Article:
Recycling breakthrough for cotton-polyester blend material

United States: 'Millions of tons' of cotton-polyester blend material currently dumped in landfills could now be recycled thanks to a patented process capable of removing dyes from textiles while separating cotton from fabric blends and depolymerising polyesters, claims the US-headquartered BCD Group Inc.

Involving only non-toxic chemicals, the 'easy-to-operate' process employs low-cost, reusable reagents in a way that retains the strength of the cotton fibres. Fabric blends of cotton and polyethylene terephthalate (PET) are first shredded and then the material is treated in a common stirred-tank reactor, with base and a proprietary phase-transfer catalyst (PTC) which cleaves the dyes, polyesters and other chemicals bonded to cotton.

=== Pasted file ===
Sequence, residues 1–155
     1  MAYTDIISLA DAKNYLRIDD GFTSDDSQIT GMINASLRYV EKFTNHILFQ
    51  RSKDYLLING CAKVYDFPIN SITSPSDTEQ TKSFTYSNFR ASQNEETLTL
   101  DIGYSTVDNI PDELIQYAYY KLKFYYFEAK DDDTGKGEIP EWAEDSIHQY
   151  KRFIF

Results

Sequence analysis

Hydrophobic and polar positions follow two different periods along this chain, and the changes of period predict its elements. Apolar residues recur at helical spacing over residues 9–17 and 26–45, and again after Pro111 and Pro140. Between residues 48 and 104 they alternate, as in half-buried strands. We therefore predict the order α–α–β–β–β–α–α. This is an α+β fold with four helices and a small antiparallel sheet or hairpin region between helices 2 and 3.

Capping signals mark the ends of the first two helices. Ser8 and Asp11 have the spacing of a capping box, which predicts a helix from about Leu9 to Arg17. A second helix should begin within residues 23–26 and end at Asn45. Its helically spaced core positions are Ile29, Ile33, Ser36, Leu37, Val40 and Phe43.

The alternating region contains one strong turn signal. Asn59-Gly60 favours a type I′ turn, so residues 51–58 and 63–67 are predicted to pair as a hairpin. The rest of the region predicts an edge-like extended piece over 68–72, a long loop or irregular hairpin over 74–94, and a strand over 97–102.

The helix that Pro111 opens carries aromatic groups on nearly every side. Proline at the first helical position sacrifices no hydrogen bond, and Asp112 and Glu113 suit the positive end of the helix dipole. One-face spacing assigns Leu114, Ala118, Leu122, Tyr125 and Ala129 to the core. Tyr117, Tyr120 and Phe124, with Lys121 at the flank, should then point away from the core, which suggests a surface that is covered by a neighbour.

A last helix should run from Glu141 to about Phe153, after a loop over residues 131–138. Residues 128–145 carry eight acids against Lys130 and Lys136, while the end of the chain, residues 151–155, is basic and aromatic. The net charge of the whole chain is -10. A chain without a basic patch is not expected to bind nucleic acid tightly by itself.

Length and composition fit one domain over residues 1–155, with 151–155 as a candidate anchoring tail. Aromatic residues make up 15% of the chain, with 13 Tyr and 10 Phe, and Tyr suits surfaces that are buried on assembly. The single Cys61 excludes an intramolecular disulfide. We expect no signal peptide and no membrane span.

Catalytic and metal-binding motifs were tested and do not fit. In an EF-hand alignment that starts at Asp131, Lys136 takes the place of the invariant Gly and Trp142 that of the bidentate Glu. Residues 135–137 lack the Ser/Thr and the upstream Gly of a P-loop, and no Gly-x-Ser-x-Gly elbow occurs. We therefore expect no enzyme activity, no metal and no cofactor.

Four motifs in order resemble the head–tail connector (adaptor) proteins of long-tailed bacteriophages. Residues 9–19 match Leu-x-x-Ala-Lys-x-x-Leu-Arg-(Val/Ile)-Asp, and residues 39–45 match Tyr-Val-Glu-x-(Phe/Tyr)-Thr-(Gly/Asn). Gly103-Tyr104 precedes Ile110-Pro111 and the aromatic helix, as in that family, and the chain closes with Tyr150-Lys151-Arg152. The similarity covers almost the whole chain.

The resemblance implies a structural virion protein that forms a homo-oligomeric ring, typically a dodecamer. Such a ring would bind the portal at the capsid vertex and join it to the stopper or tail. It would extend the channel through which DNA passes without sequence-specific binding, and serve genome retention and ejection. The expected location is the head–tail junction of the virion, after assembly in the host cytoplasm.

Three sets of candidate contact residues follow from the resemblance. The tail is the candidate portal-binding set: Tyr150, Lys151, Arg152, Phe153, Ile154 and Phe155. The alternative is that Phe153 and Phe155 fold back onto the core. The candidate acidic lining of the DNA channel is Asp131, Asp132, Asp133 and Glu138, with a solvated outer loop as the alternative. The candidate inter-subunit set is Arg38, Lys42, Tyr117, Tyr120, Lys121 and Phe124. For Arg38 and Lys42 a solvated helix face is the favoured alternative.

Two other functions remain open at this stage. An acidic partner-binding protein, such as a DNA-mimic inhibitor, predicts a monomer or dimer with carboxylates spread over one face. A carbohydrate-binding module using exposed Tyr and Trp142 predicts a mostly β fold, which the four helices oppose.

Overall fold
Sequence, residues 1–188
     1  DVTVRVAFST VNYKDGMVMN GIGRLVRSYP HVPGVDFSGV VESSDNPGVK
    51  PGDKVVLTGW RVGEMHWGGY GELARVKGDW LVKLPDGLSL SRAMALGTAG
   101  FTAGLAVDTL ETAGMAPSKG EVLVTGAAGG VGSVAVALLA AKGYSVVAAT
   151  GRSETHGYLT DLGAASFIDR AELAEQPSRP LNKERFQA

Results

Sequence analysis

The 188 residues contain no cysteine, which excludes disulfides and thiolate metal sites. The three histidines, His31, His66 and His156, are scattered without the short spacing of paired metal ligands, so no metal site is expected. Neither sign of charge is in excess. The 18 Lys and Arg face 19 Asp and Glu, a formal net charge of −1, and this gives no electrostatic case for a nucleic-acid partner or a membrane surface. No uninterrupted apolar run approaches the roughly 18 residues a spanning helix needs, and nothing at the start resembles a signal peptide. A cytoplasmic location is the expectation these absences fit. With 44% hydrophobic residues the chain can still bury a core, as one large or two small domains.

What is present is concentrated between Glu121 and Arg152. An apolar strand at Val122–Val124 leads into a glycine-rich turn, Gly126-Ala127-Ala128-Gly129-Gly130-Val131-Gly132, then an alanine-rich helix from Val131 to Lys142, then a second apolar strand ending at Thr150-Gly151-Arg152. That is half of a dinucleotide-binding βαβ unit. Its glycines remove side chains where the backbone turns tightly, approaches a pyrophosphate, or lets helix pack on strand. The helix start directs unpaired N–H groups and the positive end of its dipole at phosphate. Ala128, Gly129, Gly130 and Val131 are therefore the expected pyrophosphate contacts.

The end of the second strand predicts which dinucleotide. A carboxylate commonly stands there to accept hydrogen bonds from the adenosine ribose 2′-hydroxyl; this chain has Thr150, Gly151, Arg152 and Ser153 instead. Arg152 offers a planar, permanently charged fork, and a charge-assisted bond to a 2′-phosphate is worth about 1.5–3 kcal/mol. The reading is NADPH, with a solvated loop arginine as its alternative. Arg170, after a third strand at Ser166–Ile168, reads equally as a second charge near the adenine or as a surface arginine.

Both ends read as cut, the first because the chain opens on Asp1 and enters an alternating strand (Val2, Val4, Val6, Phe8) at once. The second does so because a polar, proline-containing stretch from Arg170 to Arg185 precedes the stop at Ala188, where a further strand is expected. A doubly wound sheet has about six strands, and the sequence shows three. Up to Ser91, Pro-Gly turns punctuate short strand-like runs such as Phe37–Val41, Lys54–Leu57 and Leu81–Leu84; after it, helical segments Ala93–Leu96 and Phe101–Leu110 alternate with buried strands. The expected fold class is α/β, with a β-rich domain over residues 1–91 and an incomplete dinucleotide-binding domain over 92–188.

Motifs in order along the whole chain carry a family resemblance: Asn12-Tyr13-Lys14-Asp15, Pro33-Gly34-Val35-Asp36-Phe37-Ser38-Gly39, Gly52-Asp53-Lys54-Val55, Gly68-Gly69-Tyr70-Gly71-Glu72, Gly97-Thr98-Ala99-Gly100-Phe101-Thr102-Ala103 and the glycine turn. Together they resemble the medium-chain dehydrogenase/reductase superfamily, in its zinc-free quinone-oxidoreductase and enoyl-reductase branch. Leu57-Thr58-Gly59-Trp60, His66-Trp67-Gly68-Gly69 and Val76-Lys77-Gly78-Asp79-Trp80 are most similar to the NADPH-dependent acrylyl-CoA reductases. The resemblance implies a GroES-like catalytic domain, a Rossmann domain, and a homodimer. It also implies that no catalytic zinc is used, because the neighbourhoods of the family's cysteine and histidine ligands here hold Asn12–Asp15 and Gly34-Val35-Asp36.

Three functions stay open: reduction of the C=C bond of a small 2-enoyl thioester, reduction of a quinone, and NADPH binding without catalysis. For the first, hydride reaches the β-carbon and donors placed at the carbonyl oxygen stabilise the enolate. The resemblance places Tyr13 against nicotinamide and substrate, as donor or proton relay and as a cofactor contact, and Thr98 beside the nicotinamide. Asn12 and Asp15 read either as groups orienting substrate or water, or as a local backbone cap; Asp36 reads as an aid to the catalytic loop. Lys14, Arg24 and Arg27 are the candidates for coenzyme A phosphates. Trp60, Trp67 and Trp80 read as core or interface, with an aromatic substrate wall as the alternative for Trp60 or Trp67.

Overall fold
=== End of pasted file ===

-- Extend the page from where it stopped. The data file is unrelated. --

The solid cotton fibre is removed from the reactor after processing for up to 20 minutes at temperatures of around 90-120°C before final depolymerisation of PET. The process ultimately yields terephthalic acid, which is recovered by filtration for reuse. Researchers argue that conventional depolymerisation methods cannot be used for separating cotton-polyester blends because the high temperatures and long process times 'destroy' cotton fibres.

This innovation could be extended to the recycling of other materials too. 'The nucleophilic reactions catalysed by the PTC can be controlled,' explains Charles Rogers, a process engineer with BCD.

The new method can also effectively recover monomers from composites and other polymers, and can recover silver metal from polymeric X-ray films.

The company is now looking for partners to help commercialise the technology.



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